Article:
MTA ‘actively lying’ to New Yorkers about public safety, de Blasio spokesman says

Transit

NEW YORK — The war of words between the MTA and the city appears to be escalating.

At a press conference Thursday, MTA Interim President Sarah Feinberg called out Mayor Bill de Blasio for telling New Yorkers it’s safe to ride the subway when, she says, that’s simply not the whole story as attacks are happening “day in and day out.”

Feinberg, TWU Local 100 President Tony Utano and MTA Chairman Patrick Foye spoke at a press conference after Gerald Sykes, an off-duty train conductor, needed two surgeries from being slashed in the face in the subway system Wednesday night.

“This tragic incident underlines once again the critical need for engaged police presence in our system as the city returns from COVID-19,” Foye said, adding that people “won’t come back to transit” if they don’t and accused the city of “defunding” they NYPD in the subway.

There was another attack on a transit worker at the 238th Street station stop in the Bronx. A worker was kicked in the head and knocked out, according to TWU Local 100. While he’s already been released in hospital, that’s not the case for Sykes.

Subway crime continues to be a worry for the MTA, especially as 24-hour service resumes soon. NYC Transit says it has been asking for additional officers and mental health resources for months.

Mayor de Blasio’s Deputy Press Secretary Mitch Schwartz told PIX11 News in a statement that the MTA is not telling the truth.

“The MTA isn’t just fearmongering anymore; they’re actively lying to New Yorkers about public safety,” Schwartz said. “The transit force is thousands strong – hundreds of additional officers have surged to the areas that need it most. It’s truly outrageous to lie to discourage people from using the subways, and it’s time for the MTA and the governor to stop publicly rooting against New York City’s economic recovery.”

Schwartz said that there are currently over 2,400 officers serving in transit, with around 500 surged “to areas that need it most.” There was some confusion over whether Mayor de Blasio had said at his Thursday press conference that there had been officers removed from the system, though he never directly said that and Feinberg said that if that were the case, it was news to them.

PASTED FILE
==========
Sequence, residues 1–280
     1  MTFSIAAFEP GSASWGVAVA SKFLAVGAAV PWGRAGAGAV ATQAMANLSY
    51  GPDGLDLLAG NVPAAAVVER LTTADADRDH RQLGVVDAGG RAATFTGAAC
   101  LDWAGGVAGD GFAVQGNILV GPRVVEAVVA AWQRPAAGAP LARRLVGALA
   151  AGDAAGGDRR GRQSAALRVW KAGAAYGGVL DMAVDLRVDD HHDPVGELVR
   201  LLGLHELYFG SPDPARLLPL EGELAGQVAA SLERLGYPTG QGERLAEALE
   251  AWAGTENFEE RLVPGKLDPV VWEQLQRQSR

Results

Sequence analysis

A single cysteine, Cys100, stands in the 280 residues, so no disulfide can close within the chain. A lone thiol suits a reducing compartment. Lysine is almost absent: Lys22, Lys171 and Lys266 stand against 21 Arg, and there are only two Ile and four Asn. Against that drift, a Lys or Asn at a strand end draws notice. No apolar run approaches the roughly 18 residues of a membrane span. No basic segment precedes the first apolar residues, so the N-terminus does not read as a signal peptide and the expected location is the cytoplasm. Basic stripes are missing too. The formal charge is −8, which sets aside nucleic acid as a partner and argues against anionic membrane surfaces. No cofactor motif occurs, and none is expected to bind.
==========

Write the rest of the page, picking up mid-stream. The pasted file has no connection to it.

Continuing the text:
The NYPD released a statement confirming de Blasio misspoke this morning when he suggested additional officers that were surged into the subway system following fatal stabbings in February had been taken out.

“We appreciate the NYPD’s clarification that those officers remain every day — and would like to know the actual number of officers patrolling the system on a regular basis,” said MTA spokesperson Tim Minton in a statement.

The NYPD released a report Wednesday that said crime had increased 30% in April 2021, compared to the same month in 2020, but that crime was actually down about 10% in the transit system.

Feinberg believes that’s akin to pretending there’s no problem.

“That is just not sharing the full story,” she said. “The story is that where ridership is, crime should be lower. Of course, the system is safe for the vast majority of people using the system but it is not currently safe for all of our transit workers and it is not as safe as it could be.”

TWU Local 100 President Tony Utano, who spoke at the press conference earlier Thursday, said that he just wants a safe environment for workers in response to Schwartz’s statement.

“Transit workers aren’t rooting for anything,” Utano said in a statement. “They’re too busy bleeding, wiping the spit off their faces and worrying if they will make it home in one piece. If anyone is lying it’s the mayor.”

He added that felony assaults against riders and workers were up more than 40% January through April compared to 2018 numbers, when the subway was servicing 3.5 million more riders per day.

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